By Dave Liu, AsAmNews
- In my company, there’s definitely a positive tone in meetings that can seem over the top. How can I talk the talk without being insincere?
Start by recognizing why it is important to often have positive tones in company meetings. Building companies is hard work. Inventing something new, beating the competition, and working with others in a stressful environment are all challenges companies face every day.
To weather these challenging (and sometimes depressing) times, I always encourage people to maintain a positive attitude and can-do spirit. This can help you weather the storms and recharge your energy for the challenges ahead. Since work (and life) is a series of roller coasters, it’s important to celebrate the wins and also talk optimistically about opportunities.
That being said, I don’t believe it is helpful to be pollyannaish or positive to the point of being delusional. That serves no purpose and can lead to groups losing sight of key risks and, even worse, a delusion that could infect the entire company.
The best way to counter this delusion is to use one of my favorite tools in business: the pre-mortem. It’s a tool I’ve used in which I imagine a best-laid plan failing and then work backwards to figure out how it could have gone wrong. So if you feel that people are being overly optimistic, pre-mortem everything so that your team doesn’t suffer from overconfidence.
- What’s your advice on reading your boss to manage your career and stay a step ahead in the corporate game?
If I had to master only one thing about reading people, it would be to figure out when they’re lying. That’s more than enough in helping you on your path. It takes skill and practice, but the first order of business is to determine the natural state for your audience. Establish a baseline. How do they normally act when they say something you know is true? How do they change their body language when they lie? This comes with familiarity, but over time you conclude the same thing as your Friday night poker buddies.
We all have tells like they won’t look you in the eye, or they look down if they’re feeling a little guilty. Dilated pupils are another dead giveaway because lying taxes our brain, and heart, more than truth-telling. If someone tries not to break eye contact for more than seven seconds when you ask about your promotion or gives you chapter and verse on why the bonus pool is smaller this year, then that’s a sign of fibbing.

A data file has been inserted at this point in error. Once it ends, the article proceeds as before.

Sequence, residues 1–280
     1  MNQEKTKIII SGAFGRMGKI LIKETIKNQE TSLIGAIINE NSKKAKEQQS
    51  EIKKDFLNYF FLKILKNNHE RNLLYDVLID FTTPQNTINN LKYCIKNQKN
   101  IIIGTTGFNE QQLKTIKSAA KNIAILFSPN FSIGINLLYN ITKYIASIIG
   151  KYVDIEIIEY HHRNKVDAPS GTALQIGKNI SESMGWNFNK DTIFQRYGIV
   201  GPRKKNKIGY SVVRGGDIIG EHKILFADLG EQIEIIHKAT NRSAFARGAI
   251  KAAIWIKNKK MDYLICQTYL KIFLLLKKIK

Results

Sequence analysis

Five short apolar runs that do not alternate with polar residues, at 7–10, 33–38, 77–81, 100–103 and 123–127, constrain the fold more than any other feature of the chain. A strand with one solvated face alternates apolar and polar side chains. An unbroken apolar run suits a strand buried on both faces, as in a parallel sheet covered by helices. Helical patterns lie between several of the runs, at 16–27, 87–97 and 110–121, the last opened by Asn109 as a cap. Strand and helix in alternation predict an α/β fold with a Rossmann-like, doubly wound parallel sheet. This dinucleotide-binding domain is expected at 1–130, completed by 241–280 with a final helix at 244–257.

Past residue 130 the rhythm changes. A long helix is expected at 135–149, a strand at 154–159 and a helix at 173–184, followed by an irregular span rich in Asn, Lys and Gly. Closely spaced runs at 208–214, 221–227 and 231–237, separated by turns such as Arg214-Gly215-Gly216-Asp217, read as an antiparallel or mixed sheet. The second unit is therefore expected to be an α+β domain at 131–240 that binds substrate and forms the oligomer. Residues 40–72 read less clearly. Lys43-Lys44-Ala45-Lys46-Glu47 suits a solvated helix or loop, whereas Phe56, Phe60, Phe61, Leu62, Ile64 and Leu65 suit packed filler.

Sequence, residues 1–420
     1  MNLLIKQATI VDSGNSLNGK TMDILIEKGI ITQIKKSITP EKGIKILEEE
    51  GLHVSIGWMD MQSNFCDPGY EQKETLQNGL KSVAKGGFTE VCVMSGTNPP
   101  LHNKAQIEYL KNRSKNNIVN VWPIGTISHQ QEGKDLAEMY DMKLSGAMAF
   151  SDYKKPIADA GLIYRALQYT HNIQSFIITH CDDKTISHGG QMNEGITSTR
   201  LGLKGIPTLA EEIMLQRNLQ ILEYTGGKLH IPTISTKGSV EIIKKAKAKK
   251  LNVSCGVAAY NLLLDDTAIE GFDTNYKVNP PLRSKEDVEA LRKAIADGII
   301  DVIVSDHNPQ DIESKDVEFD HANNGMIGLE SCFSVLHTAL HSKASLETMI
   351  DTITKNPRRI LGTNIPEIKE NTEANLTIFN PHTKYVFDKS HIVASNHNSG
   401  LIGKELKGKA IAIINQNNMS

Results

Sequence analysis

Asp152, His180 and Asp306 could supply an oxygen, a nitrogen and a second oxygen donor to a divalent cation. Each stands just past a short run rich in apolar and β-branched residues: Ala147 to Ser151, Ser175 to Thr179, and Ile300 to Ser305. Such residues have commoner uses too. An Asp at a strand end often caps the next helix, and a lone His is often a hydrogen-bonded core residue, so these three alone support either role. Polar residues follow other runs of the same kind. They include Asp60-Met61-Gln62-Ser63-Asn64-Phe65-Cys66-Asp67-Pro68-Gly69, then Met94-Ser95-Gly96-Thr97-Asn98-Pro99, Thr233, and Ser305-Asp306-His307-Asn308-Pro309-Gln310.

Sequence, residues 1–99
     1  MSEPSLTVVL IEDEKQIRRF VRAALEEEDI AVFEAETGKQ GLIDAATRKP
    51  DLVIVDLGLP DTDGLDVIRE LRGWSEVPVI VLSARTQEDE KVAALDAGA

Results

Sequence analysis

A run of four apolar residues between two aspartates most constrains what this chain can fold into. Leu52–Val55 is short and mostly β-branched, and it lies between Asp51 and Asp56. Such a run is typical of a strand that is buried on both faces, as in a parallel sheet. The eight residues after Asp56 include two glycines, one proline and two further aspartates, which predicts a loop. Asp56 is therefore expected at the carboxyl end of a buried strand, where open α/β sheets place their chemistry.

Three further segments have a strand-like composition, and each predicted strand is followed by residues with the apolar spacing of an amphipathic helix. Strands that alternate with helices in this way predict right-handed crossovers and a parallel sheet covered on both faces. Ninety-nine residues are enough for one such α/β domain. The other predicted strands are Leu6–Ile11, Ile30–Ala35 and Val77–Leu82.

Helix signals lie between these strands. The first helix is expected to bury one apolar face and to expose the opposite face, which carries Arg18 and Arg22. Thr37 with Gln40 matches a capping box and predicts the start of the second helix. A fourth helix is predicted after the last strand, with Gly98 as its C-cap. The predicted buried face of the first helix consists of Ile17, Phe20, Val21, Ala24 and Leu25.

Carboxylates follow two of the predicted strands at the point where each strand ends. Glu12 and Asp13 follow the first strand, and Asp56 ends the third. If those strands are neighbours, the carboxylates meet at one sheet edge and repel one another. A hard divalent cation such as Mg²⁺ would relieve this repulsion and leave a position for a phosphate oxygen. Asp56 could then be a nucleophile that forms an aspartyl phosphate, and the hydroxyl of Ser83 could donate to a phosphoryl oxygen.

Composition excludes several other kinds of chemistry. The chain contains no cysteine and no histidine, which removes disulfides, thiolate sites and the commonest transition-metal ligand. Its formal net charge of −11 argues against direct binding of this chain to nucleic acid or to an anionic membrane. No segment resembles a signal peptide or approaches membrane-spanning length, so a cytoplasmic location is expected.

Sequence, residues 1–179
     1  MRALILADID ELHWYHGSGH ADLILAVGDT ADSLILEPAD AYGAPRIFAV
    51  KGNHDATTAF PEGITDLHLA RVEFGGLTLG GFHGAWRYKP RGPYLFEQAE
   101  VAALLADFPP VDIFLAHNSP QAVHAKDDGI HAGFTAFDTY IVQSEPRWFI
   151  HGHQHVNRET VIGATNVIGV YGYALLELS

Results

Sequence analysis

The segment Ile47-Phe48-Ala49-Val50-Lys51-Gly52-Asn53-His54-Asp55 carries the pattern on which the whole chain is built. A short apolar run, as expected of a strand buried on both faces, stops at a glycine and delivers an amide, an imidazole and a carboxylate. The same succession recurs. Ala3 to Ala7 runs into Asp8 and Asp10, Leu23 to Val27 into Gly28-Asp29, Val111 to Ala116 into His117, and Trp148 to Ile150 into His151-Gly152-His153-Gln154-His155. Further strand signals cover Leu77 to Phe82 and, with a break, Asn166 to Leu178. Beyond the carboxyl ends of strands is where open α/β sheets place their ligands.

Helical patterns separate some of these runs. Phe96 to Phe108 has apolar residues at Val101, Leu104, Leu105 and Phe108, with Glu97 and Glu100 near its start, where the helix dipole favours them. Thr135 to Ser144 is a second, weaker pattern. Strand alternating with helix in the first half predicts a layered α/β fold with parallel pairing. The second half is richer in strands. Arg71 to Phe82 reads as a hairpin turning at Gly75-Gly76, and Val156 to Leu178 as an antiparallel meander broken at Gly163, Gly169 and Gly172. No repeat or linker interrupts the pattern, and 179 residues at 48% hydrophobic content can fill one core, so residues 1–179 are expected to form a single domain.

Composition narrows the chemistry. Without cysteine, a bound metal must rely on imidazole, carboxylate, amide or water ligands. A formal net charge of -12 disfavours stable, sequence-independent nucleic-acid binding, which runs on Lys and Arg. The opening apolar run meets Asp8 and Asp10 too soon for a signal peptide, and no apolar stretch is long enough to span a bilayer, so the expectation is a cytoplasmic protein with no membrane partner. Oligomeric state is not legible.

Master the amateur hour giveaways like evading questions or inconsistent answers, then perhaps one day you’ll be able to discern Bernie Madoff from Bernie Sanders.
- I disagree with the direction of the company which is struggling. Is it suicidal to bring up these differences I have? I want to help with solutions.
If you disagree with the direction of the company, I would start with preparing the requisite evidence. Since I was an engineer in school, I am a big fan of the scientific method. This means applying the following process:
- Recognize the problem that is plaguing the company,
- Collect data through observation and experiment to validate the problem (which shouldn’t be too hard given the company is struggling), and
- Formulate and test your hypotheses.
Assuming you now have identified the problem facing your company, come up with a plan of attack. Determine several solutions that are doable with varying degrees of resources and execution risk.
Once you have this solution plan, I would recommend respecting the chain of command. Present your plan to your immediate supervisor. If you are getting nowhere, and you still feel you have the right plan to save the company, go above your supervisor to their boss all the way to the CEO.
At this point, you’re either staying on the deck of the Titanic or you will be thrown off the ship if your boss disagrees with your actions. Either way, you’re heading for an iceberg anyway so you have nothing to lose. The worst thing that could happen is you lose your job. The best thing is that you might actually be able to save your company!
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About the Author
Dave is a seasoned executive and entrepreneur who founded several companies in entertainment, investments, and technology and worked on Wall Street for almost 25 years.
Hundreds of bankers have worked for Dave during his career. He has mentored many of them who have gone on to some of the best business schools and companies in America. He is eager to share his knowledge with Asian Americans and other disadvantaged groups seeking to maximize their potential and achieve their career goals.
If you want some great career tips and insights check out Dave’s book, The Way of the Wall Street Warrior, at TheWallStreetWarrior.com.
You can follow Dave at Facebook@Liucrative, Twitter@Liucrative, Instagram@LiucrativeEndeavors, LinkedIn@DaveLiu, or TikTok@Liucrative.
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